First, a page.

Madison woman named 2021 Queen of CT by weight loss program, Take Off Pounds Sensably

MADISON — Sitting in the lobby outside her gym, Margaret Grillo, 75, 5-foot-5, looks trim and sporty in her workout clothes.

There’s no outward sign that Grillo used to stuff an entire bag of Cheetos in bed with chocolates every night, or finish an entire “box of macaroni” with butter around midnight.

In April, Grillo was crowned queen of 2021 by Connecticut TOPS (Take Off Pounds Sensably), for losing more weight than any other female member for the year — 46.25 pounds — and hitting her weight goal.

She went from 195lbs to 153. TOPS king Raymond Williams of Norwich lost 116.2lbs.

Grillo is not alone with her weight struggle. According to TOPS officials, 1 in 3 American adults are obese, and Connecticut has an obesity rate of almost a third – 29.2%.

It’s been a long journey for Grillo, a TOPS member since 2002, which makes his achievement perhaps all the sweeter. And at the time, she was also a smoker.

“It took me 20 years to get to this state here,” Grillo said with a smile. “And it’s been a journey and it might not be huge, but 45 pounds is pretty good.”

She observed, “My king was probably 23 and he lost everything in a year.”

The TOPS king and queen are chosen not only based on the number of pounds lost, but also whether they have reached their weight loss goal, which is recorded during the meetings.

“I almost didn’t take it – I felt guilty,” Grillo said of her title, as she “only” lost 46 pounds, while King lost over 100. Often, those inducted into TOPS “royalty” dropped more than 100,150 pounds, she noted.

“And then I said, ‘No, I think I have to be an example for people,'” Grillo said.

“I actually said, ‘I deserve it, I should do it. Because I’m the symbol of people who may not have lost tons of weight – 45 is a good number though,” Grillo said. “The fact that it has brought about significant changes in my life and that I can now be a role model for my chapter.”

Grillo served as an officer for TOPS for two decades, most recently as a chapter leader.

“There have been a lot of people in TOPS who have been overweight the whole time they’ve been in TOPS. We say if we weren’t in TOPS, we’d probably be 20, 30 pounds — or more — heavier,” she said.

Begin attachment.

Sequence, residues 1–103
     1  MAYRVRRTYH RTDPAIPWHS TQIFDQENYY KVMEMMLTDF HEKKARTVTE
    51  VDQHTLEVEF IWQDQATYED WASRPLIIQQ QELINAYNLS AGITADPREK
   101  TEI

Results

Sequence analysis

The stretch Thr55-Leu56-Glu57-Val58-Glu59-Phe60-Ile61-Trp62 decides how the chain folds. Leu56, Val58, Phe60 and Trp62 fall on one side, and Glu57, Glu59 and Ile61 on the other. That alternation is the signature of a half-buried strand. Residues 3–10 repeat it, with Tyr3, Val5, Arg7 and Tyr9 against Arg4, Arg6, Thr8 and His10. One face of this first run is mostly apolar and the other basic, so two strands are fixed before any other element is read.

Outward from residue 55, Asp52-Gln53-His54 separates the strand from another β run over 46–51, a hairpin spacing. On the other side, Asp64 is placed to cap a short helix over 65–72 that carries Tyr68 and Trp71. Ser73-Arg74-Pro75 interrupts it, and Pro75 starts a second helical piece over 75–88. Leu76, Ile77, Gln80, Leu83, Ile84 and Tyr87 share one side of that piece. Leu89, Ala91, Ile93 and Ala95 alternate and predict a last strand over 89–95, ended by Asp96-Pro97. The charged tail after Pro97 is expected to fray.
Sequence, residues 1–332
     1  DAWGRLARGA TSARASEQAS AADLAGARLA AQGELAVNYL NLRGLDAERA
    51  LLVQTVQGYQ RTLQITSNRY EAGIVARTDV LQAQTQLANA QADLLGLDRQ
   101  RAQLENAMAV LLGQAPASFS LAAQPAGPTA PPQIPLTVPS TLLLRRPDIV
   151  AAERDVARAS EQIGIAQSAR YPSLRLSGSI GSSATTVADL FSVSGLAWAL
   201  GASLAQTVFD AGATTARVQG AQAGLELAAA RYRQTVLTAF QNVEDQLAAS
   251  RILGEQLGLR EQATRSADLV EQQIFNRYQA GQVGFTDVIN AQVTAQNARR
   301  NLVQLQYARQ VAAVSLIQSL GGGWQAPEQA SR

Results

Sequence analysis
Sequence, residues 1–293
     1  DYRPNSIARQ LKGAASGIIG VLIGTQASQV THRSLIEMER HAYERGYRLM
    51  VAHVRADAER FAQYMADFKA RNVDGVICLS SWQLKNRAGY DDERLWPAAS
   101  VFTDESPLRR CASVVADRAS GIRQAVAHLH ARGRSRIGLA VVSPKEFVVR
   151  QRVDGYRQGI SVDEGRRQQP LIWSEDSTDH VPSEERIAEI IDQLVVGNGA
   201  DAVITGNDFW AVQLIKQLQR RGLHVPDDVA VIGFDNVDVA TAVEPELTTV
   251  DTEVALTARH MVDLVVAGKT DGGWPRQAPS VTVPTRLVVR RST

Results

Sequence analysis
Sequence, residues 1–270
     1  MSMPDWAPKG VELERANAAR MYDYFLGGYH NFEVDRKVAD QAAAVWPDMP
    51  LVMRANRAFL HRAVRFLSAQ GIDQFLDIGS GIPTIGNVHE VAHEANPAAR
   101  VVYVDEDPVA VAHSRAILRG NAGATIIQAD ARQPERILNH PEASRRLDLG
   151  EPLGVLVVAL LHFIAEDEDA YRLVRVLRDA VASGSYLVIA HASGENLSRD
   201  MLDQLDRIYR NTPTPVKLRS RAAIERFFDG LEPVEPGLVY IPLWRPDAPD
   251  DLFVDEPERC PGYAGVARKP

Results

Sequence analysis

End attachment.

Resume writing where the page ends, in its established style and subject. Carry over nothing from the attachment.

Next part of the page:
“I’m proud to have succeeded and I feel better physically,” she said with a smile.

Linda Maynard, the TOPS State Coordinator for Connecticut, agreed and said that no matter how many pounds a member loses, it’s an accomplishment. Even small losses can have a big effect on health, she explained.

“I have bad knees – so every 5 pounds I lose, it takes a tremendous amount of pressure on my knees,” Maynard said. “So even a tiny amount of weight will help you health-wise, whether it’s with your joints or whatever, maybe you’re borderline diabetic.”

“For the band, it doesn’t matter if you lose 200 pounds or 20 pounds,” Maynard added. “Everyone has their reason for losing the amount of weight they need to lose,” she said.

“Maybe they want to fit a particular dress for someone’s wedding. And you just want to lose those 10 pounds. To be honest, the less weight you have to lose, the harder it is” , Maynard said.

“If someone has to lose 100 pounds and they go into their first week and they lose 6 or 7 pounds – yahoo! But if you only have to lose 20, you come back and lose 2 pounds – yahoo!—because it’s hard,” Maynard added.

With TOPS, to become a member there is a nominal annual fee of $49 and weekly dues ranging from $1 per week to $5 per month. Members must have their goal weight checked by their primary care physician and it must be in writing.

The trip

Grillo noted that over 20 years ago, “I actually started at 192” when she was 5-foot-7. “I lost 2 inches” due to aging, she said.

At first, Grillo actually got closer to her goal at 165 pounds, but health issues got in the way of her weight management efforts. She discovered she had colon cancer; then six weeks after his cancer surgery, developed heart disease.

Before the health issues, she wasn’t perfect either: “I was doing well, but I was smoking my brains out.”

The cancer had had an indirect impact on his weight.